It is also the case that on the executive side of things, the current energy policy structure is a cumbersome tangle, staffed inadequately, and broadly decentralized. It, too, will require sustained attention in the governor’s new administration. A logical initial coordinating point for inaugurating the Governor’s major policy aim, therefore, might conceivably rest with the commissioner with overall responsibility for environmental protection.
Lastly, the climate change initiative, because it will touch every Mainer and virtually every sector of the economy, has to be understood as of fundamental political import, not because it is partisan (because it mustn’t be allowed to become so), but because it will touch every single one of us and because government must assure that across Maine’s population everyone is considered equitably.
With responsibilities like these, what kind of skill set should you be considering for the Environmental Protection post? And then, how good a fit is any particular nominee?
At the top of the list is a background in science. The climate change threat to the environment must rest on science and policies based on science. Because of the accidents of contemporary history and politics in the partisan sense, however, science itself, logic, even facts, have come under daily assault. The leader of DEP (and also, presumably, the Governor’s climate goal) must be deeply knowledgeable, therefore, about how science underpins his or her policy domain, both as processes and as pertinent outcomes. For eight years this state’s leadership effectively denied climate change was an issue, so this new administration’s battle starts out on an uphill climb.
Second, some facility at being able to work effectively with very diverse interest groups – economic, cultural, industrial, functional, professional and the like – would be equally desirable.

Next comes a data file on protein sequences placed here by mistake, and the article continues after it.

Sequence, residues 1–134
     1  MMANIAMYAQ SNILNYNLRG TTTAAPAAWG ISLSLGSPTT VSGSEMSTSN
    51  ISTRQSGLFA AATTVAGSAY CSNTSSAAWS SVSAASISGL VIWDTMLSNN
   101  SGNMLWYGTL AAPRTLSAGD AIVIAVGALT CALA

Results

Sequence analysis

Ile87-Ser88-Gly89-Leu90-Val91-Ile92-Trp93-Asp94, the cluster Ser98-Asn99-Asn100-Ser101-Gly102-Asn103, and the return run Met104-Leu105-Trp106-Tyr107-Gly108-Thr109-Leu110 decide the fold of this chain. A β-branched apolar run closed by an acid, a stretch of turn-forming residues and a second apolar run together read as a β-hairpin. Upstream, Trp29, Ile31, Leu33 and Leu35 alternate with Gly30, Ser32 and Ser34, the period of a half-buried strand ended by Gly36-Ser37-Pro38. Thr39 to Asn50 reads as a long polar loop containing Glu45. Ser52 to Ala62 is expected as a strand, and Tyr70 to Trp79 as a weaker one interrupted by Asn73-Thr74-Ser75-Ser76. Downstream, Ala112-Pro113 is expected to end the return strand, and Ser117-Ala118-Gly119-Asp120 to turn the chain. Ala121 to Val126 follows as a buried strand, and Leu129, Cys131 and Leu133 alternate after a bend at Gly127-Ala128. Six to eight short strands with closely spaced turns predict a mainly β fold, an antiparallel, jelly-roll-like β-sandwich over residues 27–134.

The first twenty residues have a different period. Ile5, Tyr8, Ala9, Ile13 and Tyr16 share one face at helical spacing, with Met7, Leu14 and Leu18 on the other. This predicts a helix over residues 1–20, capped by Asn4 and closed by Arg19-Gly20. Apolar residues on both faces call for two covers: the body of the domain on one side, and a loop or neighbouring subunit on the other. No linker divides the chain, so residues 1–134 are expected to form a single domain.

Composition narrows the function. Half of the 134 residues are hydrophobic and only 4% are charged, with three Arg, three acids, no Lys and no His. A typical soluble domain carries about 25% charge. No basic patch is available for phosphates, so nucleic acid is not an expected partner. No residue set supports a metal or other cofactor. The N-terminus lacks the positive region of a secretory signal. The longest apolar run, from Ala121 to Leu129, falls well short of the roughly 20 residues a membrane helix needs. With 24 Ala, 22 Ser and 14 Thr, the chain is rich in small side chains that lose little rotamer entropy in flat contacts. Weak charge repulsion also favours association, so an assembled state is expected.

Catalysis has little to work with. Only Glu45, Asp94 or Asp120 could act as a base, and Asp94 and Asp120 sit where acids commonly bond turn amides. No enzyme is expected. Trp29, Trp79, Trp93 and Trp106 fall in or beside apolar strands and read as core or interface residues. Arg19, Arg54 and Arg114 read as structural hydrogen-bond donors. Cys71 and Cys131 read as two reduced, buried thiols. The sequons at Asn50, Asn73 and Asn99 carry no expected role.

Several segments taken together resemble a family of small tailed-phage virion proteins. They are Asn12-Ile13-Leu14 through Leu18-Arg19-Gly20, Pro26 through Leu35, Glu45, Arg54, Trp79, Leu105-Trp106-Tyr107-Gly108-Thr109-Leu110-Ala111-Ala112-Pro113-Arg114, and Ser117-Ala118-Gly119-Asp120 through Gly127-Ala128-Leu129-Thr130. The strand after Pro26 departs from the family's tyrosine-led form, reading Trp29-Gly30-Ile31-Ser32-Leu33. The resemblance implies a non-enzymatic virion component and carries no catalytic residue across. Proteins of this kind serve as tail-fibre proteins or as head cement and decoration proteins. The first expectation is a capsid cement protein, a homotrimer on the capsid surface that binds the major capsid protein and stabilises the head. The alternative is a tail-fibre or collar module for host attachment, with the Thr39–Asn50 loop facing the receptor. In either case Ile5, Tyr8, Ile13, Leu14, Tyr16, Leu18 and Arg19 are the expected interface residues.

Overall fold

In addition to skills, two dispositions are important. The first would be demonstrating an ability to think “unto the seventh generation,” an orientation evidenced among the cultures already here when Europeans reached the shores of continents that came to be called the Americas. The second, closely related, is a sense of moral obligation to all Mainers as the necessary replacement of fossil fuels by renewables is achieved. The burdens of such a change should fall equitably across the population, present and future, those who have and who have not, assuredly those whose livelihoods, through no fault of their own, must be relinquished as humankind gives up fossil fuels. They are an equal part of the Maine commons, to be harmed no more or less than any others and held with equal magnanimity, throughout the quest of the many and complex changes required.
Framed in these ways the nomination advanced must be questioned.
Mr. Reid does not have a background in science. His career path has been within the law pursuing prosecutions and working within existing legal frames and structures rather than crafting wholly new ones. Further, his oppositional stance in suits involving Maine’s Native Americans’ traditional rights and the state’s obligation to support those rights have raised questions about his appreciation of the dispositions he himself must display and bring to the quest against climate change.
I would urge the withdrawal of the nomination in favor of one that pays deeper attention to the requisite skill and disposition sets.
* Cf for example: www.MaineLongRangeEnergyPlanning.com
cc. House and Senate Chairs of EUT, ACF, SLG, IDEAB, and TR and Governor Janet T. Mills